Unity Happens When We Walk Together | Word from the Shepherd No. 163

3rd Sunday in Ordinary Time | Year C
Neh. 8:2-10; 1Cor. 12:12-30; Lk. 1:1-4;4:14-21

Bonding, merging and  uniting are the deepest longings of mankind. It is seen as natural tending towards one another or as a deep search in all of us for that oneness. Narrowly speaking, it is often reduced to uniformity, homogeneity, purity of race, culture or religion. There are higher and noble forms and expressions of this chase for oneness. We have Bhutan,  measuring the nation’s well-being in terms GNH (Gross National Happiness) instead of GNP (Gross National Product), or movements that gives value to unity in diversity. What is salient is this: they see complementarity and authenticity as the basis for bonding.

The readings today highlight this call to oneness, to re-connect by rebuilding relationships, families, communities and the People of God. There are 4 human sharings that unify and unite us, into one people: shared human history, shared scriptures, shared symbols and shared destiny.

  1. Shared Human History: it is about journeying, living and struggling as a people, a nation and building a place called home or homeland. Nehemiah, Ezra and the Israelites exiles in Babylon, once a free nation, with free worship and free rule, were now slaves and subject to foreign rule. With Cyrus, they were freed to return, rebuild and restore their Jerusalem. Sharing in their common history, their story of slavery to freedom, destruction and construction, ruins to rebuilding – bonded them for the Return.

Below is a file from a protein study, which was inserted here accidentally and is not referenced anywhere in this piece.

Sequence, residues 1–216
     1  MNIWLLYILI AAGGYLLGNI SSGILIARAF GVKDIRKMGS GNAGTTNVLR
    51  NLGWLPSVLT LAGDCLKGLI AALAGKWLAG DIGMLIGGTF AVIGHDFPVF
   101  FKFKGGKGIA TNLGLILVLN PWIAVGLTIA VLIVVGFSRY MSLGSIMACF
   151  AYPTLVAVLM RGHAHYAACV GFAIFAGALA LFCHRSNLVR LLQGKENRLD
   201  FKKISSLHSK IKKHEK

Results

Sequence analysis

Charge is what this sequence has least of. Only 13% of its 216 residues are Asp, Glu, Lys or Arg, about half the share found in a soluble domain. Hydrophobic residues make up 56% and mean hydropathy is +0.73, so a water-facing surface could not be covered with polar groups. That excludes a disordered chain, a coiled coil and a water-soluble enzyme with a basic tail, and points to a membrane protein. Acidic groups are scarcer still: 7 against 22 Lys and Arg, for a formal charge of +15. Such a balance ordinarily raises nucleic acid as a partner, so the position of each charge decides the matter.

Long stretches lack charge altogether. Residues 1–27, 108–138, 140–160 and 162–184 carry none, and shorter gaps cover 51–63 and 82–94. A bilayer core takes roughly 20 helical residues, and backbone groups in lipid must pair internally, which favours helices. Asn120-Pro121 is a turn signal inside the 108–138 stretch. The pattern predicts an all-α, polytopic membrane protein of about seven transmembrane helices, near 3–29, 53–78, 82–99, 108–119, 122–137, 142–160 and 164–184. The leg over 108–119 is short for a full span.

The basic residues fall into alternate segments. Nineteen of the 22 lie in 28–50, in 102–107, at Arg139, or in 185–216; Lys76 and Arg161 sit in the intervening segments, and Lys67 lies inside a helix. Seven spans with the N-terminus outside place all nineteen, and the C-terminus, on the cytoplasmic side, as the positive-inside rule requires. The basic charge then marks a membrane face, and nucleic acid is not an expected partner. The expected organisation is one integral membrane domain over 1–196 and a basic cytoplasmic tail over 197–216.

2. Shared Scripture: The Word of God, which was thought lost, was found. The finding of the sacred books caused the exiles to assemble, with Ezra the priest opening, reading, translating, instructing and declaring that day sacred. The people heard, wept, shared and celebrated. The word, the prophecies moved them to worship the Lord of the Word. God’s Word forms the minds and hearts, and fills the hearers and believers with the Vision and Mission of God for His own. They repented and returned to becoming God’s People again.
  3. Shared Symbols: Images have transforming power. They can influence our thinking, our feeling and our action. Paul presents to the Corinthian community, to corporate image or symbol, that speaks a thousand words. “The Body and The Many Parts” reflected the Church of Christ – one, holy and  apostolic; a oneness that depended on recognition, acknowledgement, and knowing each other and our place in the Body. Divisive and competitive spirit destroys oneness, unity and integrity of persons and community. There are many symbols or images down through church history. But are a few are evergreen, relevant for all times.
  4. Shared Destiny: Jesus announced the One Mission, the One Spirit and the One Kingdom. At the synagogue in  Capernaum, in the anointing of the Holy Spirit, He declared his Mission to the poor, the captives, the blind and the downtrodden. It was an outreach to the fringes, the peripheries, the forgotten and the voiceless. That was His destiny, and that’s our destiny. Common action with common good moves mountains. To realise the Kingdom of God in our midst and times, self-giving, self-forgetfulness,  social responsibility and social mission agenda are essentials. Strangely, a bigger other-centred agendas drive us to find our authentic oneness, beyond race and religion.

Weary from his journey, Jesus does not hesitate to ask the Samaritan woman for something to drink. His thirst, however, is much more than physical: it is also a thirst for encounter, a desire to enter into dialogue with that woman and to invite her to make a journey of interior conversion. Jesus is patient, respectful of the person before him, and gradually reveals himself to her. His example encourages us to seek a serene encounter with others. To understand one another, and to grow in charity and truth, we need to pause, to accept and listen to one another. In this way, we already begin to experience unity. Unity grows along the way; it never stands still. Unity happens when we walk together.” (Pope Francis, 15th Jan. 2015)